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Thursday
Nov042010

Drinking together - and fixing health systems

BY SARA BENNETT, JOHNS HOPKINS SCHOOL OF PUBLIC HEALTH

Photo of Sara BennettAccording to Wikipedia the term symposium comes from the Greek word “sympotein”  - to drink together. More than 1000 people are on the point of packing their bags and boarding planes to head to Montreux, Switzerland for the First Global Symposium on Health Systems Research.....they clearly have more than a quick communal drink in mind. But, as a seasoned participant in these grand global meetings it is difficult to prevent the wisps of cynicism from creeping into my mind: what difference do these big meetings really make? Will this just be another talking shop for those who can afford airfare and expensive Montreux hotel rooms?

So, what can and should the Symposium try to achieve? I have three big “asks” from the Symposium, but would be interested to hear what you want out of this meeting too.

First, the main theme of the Symposium is Universal Health Coverage, and the meeting is perfectly timed to lead into the launch of the 2010 World Health Report on Universal Health Coverage . Having got a sneak preview of this, I can testify that it is well worth reading. Moreover this is an agenda that every health person I know is passionate about. It would be great to turn the Symposium into the launch event for a really serious push towards extending basic health services to all – an issue that researchers, policy-makers and advocates could all get behind.

Second, health systems research is typically very applied, and its value comes from its application to policy and decision making. Over the past decade there has been an increasingly exciting movement to systematize the way that we go about linking evidence-to-policy. I have bemoaned elsewhere the fact that funding for this kind of bridging and knowledge translation work too often slips between the cracks. It would be great if the Symposium served to show case this work, help it step into the limelight and receive the type of support it deserves.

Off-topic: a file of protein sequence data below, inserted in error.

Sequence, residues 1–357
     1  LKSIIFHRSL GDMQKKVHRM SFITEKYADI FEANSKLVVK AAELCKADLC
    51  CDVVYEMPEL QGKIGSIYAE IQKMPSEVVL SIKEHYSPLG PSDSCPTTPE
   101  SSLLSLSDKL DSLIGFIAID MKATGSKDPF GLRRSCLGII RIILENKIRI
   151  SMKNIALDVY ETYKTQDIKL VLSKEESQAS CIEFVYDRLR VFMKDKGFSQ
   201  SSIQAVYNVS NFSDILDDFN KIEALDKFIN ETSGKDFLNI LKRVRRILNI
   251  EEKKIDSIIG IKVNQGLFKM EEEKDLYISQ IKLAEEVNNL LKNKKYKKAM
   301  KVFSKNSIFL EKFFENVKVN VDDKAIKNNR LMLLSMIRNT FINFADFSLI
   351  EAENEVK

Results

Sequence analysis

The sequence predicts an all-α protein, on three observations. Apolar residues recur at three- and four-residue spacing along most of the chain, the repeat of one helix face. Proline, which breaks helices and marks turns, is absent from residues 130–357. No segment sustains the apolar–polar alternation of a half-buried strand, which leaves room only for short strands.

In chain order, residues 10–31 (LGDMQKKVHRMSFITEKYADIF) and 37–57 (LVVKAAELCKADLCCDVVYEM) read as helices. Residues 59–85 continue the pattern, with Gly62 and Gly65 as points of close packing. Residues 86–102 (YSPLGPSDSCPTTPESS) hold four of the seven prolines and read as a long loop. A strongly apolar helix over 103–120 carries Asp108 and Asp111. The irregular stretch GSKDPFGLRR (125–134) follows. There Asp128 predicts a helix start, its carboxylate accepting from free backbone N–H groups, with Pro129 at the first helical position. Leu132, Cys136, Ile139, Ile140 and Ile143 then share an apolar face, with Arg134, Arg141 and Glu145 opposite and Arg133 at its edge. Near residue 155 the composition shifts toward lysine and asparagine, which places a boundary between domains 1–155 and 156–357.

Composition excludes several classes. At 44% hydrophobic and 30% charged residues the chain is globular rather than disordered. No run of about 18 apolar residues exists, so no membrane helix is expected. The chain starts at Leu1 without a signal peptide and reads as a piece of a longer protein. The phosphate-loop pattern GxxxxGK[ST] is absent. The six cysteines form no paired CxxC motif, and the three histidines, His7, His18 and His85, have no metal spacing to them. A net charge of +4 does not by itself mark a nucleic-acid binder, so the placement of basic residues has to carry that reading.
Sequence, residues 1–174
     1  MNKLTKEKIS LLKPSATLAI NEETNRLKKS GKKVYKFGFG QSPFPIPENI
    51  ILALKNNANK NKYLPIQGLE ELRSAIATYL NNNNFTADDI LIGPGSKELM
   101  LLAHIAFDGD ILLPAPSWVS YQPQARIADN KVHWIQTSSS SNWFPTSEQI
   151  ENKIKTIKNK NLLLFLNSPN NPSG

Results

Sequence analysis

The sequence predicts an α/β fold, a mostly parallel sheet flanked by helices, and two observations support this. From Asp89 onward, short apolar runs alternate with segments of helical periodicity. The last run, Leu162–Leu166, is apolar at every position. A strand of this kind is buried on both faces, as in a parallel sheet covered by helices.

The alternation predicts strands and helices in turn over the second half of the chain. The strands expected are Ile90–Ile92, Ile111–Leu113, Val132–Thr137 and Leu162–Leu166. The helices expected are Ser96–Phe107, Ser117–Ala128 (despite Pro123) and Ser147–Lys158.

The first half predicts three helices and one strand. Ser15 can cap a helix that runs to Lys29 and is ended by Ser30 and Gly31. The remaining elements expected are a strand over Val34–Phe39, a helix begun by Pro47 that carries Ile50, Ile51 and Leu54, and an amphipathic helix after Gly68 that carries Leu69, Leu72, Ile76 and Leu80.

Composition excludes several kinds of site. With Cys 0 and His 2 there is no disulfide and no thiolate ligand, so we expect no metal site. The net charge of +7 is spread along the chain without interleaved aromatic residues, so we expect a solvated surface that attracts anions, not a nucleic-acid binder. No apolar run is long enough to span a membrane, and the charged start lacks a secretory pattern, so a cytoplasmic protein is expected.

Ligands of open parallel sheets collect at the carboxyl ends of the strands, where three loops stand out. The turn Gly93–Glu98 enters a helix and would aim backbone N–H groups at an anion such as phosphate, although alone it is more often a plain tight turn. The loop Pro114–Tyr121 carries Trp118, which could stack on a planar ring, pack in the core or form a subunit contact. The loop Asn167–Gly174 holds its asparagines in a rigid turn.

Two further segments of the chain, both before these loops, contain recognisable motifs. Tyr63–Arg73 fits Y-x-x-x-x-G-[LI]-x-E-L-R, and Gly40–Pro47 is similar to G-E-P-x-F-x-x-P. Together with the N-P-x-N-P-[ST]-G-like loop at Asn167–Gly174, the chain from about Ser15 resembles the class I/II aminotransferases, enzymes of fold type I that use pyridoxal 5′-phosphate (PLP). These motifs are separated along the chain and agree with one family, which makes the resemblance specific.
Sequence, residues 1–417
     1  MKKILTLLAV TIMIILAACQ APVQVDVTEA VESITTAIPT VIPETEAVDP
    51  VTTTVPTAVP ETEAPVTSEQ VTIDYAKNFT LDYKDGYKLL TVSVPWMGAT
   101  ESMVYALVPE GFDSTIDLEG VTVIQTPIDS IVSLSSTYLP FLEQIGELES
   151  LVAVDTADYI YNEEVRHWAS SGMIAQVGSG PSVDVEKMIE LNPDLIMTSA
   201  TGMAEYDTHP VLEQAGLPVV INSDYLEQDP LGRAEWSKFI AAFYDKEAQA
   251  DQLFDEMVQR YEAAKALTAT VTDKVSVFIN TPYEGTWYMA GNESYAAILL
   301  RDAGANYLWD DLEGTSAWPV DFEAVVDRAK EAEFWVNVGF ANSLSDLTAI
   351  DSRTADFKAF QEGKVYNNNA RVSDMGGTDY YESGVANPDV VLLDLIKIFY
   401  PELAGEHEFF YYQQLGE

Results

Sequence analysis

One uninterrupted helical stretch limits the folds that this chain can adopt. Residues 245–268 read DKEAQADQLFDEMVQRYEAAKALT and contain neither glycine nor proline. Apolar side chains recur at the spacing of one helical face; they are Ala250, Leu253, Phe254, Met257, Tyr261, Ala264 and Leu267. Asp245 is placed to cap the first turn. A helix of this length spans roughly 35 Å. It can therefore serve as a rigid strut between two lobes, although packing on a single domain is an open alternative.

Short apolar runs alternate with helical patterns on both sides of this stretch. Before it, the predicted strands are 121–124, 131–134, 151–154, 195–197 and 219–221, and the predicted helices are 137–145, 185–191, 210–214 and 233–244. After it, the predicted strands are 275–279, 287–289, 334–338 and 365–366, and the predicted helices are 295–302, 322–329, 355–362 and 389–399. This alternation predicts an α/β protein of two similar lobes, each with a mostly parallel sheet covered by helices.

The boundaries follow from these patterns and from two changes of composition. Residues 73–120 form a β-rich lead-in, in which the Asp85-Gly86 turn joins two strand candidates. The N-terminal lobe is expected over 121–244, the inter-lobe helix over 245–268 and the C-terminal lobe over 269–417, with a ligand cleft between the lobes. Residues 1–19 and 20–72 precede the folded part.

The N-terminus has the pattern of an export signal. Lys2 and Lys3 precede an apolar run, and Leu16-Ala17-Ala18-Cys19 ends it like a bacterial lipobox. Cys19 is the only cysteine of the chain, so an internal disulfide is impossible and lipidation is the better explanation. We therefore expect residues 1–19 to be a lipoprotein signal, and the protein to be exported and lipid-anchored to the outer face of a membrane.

Third, my personal pet issue – research capacity for learning health systems. A recent paper estimated that there were 13,000 health service researchers in the US, compared to our estimate of about 6-7,500 in all low and middle income countries combined. We desperately need more skilled people across low and middle income countries to help analyse and steer health systems, and more strong research organizations to accommodate them. The best prospects for achieving this seem to be a fundamental shift in how many development agencies do their work so that they seriously support local institutional capacity development, particularly by providing core funding to the think tanks, research organizations and institutes in developing countries that conduct health systems research.

There looks like there will be a lot of great sessions at the Symposium: colleagues Gerry Bloom and David Peters from FHS are organizing sessions on Beyond Scaling up and on Evidence to Improve Health Service Delivery – which speak particularly to the theme of extending basic health services. I will be participating in a plenary session on research capacity development.

And what if the “Symposium” does not live up to our expectations? Well, maybe we can find solace in the original meaning of the term. I do happen to know a cozy bar in Montreux where perhaps we can take a drink together and debate what is really needed to fix health systems.
Wednesday
Oct272010

Welcome to our blog!

Woman with her child in ChinaThe Future Health Systems Consortium is a partnership of organisations conducting research in Bangladesh, China, India, Afghanistan and a range of African countries in order to improve health service delivery and health systems. We have a website where you can find more information on the organisations involved and download many of our publications.

Future Health Systems has started this blog so that we can provide swifter updates on what's happening in our worlds. We will use it to provide feedback from conferences, let you know when new reports and papers are out, participate in conversations about the challenges that we face in our work and solicit your ideas.

Feel free to get in contact or share your views.
Thursday
May222008

Challenges for the future of primary care

by GERRY BLOOM & HILARY STANDING, STEPS Centre members